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Braeburn Pharmaceuticals

Implantable Medicine Could Be The Future Of Fighting Opioid Addiction

The Food and Drug Administration has approved Probuphine, a treatment implanted in the arm to curb cravings for opioids.

By Grant Suneson | May 26, 2016

Prescription painkiller abuse is one of the biggest health problems in America, but a solution could be on the way.

On Thursday, the Food and Drug Administration approved Probuphine, an implantable version of an existing drug. Doctors would place four small implants into a patient's arm to help reduce opioid cravings for six months.

And that implant bit is what really sets Probuphine apart. That means you can't sell it on the street or forget to take it, and children can't get their hands on it, all of which can be big problems with other drugs.

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Opioid abuse has become more and more common since 2000. The Centers for Disease Control and Prevention said in 2014 nearly 2 million Americans abused opioid medication and it killed more than 14,000 people.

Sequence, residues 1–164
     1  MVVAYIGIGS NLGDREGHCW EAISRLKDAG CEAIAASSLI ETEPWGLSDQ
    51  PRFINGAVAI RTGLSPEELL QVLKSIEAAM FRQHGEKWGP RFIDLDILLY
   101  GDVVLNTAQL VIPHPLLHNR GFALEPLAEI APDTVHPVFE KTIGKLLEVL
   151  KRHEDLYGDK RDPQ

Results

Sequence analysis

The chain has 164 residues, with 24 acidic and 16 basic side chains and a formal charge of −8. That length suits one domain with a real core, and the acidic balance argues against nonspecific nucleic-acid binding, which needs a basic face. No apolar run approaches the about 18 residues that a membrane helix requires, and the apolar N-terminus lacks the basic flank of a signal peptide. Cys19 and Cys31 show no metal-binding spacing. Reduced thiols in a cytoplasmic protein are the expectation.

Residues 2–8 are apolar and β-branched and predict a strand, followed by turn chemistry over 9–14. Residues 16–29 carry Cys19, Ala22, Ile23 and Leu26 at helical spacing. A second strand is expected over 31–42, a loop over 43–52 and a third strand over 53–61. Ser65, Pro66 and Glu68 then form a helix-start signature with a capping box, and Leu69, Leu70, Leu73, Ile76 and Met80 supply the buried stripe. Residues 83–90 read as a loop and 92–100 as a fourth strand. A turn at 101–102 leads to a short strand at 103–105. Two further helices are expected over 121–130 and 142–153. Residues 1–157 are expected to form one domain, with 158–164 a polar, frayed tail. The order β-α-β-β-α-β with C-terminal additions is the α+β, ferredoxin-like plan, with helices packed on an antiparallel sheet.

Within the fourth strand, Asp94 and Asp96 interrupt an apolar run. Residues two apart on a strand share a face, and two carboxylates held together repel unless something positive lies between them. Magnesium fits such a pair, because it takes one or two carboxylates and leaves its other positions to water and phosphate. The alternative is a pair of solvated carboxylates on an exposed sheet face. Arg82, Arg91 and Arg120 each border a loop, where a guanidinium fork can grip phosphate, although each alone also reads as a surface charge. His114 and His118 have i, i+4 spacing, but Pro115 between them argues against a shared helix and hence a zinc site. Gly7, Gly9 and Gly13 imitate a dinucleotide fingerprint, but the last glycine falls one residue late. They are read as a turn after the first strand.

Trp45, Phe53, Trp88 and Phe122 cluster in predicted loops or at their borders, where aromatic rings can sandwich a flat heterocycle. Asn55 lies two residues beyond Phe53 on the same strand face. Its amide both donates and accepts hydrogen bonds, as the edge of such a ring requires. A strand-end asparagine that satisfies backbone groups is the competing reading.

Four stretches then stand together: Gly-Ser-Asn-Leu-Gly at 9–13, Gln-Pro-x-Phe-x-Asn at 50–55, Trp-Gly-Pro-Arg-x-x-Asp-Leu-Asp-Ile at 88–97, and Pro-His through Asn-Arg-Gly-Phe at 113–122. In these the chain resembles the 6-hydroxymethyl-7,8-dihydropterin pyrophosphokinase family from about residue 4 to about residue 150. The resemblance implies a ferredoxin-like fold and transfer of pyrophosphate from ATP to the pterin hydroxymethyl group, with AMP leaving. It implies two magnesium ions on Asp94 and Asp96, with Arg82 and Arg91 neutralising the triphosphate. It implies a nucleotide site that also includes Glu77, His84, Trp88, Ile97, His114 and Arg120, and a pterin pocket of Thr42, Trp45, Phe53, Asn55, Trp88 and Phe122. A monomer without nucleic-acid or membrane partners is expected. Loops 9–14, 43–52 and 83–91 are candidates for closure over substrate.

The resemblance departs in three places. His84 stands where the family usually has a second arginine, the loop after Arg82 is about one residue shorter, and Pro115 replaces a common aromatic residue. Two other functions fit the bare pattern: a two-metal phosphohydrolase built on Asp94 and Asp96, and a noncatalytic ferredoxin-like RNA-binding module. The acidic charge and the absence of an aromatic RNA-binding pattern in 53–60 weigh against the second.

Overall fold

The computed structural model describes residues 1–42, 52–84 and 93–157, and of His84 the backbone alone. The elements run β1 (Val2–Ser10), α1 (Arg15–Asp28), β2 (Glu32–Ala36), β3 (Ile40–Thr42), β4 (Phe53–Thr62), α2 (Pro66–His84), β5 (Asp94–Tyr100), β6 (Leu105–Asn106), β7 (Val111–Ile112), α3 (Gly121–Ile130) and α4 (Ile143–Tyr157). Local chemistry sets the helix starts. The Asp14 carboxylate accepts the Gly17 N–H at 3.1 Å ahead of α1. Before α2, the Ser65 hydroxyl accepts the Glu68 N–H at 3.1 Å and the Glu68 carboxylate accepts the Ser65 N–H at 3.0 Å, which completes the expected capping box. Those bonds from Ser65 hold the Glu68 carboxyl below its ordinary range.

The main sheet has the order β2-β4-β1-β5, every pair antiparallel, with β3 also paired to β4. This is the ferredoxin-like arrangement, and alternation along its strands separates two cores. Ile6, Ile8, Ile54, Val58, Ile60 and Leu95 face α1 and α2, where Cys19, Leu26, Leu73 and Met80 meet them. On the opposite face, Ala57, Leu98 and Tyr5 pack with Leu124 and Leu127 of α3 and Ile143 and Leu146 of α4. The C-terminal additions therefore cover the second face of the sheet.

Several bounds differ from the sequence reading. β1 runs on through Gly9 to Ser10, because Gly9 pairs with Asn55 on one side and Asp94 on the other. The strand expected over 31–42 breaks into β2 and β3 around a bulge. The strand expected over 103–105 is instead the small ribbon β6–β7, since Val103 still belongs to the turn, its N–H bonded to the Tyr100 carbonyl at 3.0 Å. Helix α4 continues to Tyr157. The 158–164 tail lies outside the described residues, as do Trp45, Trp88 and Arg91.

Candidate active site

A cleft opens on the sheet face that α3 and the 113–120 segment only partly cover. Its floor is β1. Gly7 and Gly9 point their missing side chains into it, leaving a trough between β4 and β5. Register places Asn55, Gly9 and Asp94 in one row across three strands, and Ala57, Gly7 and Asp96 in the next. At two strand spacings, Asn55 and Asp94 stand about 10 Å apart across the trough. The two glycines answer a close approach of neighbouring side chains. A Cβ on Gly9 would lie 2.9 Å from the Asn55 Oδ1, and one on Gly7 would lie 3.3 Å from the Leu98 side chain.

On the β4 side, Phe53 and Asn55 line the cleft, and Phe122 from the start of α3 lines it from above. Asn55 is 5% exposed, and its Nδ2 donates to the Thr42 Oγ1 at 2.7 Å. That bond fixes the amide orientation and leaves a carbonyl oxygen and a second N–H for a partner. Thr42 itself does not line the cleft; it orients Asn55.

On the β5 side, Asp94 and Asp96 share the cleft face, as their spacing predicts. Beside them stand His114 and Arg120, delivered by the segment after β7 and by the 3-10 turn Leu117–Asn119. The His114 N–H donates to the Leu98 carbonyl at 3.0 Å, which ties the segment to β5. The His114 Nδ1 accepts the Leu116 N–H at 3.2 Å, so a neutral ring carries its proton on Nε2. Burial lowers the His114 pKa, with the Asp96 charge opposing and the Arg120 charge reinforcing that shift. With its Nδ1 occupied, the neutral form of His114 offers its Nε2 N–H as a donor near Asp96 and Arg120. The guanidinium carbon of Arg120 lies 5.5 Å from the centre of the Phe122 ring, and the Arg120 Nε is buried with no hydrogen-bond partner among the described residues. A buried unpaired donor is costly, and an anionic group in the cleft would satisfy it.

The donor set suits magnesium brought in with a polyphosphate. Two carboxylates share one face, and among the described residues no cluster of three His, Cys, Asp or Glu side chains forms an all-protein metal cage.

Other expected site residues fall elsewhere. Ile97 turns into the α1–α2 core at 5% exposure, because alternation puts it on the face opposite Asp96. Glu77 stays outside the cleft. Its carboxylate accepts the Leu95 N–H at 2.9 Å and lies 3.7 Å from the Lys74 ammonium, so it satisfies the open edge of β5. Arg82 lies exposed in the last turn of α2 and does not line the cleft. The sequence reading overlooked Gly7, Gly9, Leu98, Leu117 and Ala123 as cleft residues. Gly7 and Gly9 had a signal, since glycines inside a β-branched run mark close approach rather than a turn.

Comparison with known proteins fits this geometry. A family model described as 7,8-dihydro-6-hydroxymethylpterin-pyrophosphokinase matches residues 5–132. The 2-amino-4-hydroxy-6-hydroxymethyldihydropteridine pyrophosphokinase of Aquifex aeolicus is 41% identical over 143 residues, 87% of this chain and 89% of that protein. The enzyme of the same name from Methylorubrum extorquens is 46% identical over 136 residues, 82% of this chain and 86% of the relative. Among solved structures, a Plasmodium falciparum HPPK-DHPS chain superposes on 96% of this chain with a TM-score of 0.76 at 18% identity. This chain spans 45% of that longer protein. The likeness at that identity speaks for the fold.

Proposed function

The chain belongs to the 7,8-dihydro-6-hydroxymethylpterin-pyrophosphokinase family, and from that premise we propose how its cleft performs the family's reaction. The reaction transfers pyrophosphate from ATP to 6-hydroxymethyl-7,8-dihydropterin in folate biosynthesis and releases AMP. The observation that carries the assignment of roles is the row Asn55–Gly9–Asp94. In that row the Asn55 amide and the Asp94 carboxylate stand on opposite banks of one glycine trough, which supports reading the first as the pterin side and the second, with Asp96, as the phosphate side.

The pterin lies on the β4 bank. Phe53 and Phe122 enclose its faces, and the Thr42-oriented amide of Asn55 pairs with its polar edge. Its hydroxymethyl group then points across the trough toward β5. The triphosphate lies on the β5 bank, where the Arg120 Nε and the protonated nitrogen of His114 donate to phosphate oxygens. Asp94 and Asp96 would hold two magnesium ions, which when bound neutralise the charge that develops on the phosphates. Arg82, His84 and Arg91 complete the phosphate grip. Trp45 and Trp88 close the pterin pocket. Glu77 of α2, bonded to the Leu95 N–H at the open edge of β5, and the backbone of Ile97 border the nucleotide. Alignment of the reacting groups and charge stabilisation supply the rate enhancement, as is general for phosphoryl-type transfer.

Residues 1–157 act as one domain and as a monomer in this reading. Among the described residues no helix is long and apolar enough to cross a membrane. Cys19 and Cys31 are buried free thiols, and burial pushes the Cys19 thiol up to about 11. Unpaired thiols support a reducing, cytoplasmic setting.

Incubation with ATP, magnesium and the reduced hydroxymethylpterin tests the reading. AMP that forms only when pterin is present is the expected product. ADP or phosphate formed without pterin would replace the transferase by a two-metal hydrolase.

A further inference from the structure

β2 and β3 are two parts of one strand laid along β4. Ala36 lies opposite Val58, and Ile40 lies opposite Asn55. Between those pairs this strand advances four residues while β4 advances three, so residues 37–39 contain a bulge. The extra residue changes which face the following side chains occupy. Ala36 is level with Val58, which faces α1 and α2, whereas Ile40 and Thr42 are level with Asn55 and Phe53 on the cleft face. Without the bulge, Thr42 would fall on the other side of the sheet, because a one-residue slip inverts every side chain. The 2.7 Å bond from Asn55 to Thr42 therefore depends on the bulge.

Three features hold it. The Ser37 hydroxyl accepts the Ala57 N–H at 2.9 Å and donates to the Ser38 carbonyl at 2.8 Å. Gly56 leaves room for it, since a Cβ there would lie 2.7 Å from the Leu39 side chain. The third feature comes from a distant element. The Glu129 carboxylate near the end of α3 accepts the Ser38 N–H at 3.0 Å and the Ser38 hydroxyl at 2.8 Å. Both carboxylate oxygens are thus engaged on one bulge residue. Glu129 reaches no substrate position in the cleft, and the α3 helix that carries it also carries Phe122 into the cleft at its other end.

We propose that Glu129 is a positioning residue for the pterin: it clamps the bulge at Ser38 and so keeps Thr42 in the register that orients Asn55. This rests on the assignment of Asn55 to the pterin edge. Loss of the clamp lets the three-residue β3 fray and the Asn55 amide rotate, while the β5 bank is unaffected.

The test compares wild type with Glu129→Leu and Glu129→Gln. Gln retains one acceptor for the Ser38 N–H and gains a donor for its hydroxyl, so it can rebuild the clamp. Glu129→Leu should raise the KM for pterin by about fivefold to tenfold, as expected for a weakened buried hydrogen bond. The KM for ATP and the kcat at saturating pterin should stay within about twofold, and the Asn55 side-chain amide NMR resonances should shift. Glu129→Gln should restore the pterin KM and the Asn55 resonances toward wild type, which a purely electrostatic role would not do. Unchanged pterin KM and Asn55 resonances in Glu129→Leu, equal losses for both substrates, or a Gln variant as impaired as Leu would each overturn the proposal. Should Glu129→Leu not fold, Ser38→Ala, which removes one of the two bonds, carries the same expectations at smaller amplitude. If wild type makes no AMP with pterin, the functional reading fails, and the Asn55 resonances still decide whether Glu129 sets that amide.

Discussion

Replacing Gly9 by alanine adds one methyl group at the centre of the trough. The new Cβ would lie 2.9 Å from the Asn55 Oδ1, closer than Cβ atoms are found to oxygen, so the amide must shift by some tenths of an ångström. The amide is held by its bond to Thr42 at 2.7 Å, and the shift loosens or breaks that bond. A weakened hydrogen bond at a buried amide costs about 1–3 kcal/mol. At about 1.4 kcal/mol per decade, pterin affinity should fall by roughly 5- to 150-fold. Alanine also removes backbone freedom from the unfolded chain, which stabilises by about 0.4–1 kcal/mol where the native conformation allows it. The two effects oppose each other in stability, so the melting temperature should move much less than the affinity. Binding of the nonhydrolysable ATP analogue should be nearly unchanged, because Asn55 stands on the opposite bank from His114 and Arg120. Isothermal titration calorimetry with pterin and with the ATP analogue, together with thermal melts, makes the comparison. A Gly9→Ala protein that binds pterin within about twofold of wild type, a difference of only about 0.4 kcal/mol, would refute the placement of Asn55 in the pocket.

Everyone's addiction is different, and other treatment options like methadone might be better for some who need higher doses of medicine, but doctors seem encouraged by the new implant.

The director of the National Institute on Drug Abuse said drugs like Probuphine could be "more effective in the treatment of opioid use disorder than short-term detoxification programs aimed at abstinence."

But one major hurdle for Probuphine is cost. The drug's marketer would only say a six-month treatment will cost less than $6,000, but that could be prohibitive for many.

This video includes a clip from WGHP and images from Braeburn Pharmaceuticals.

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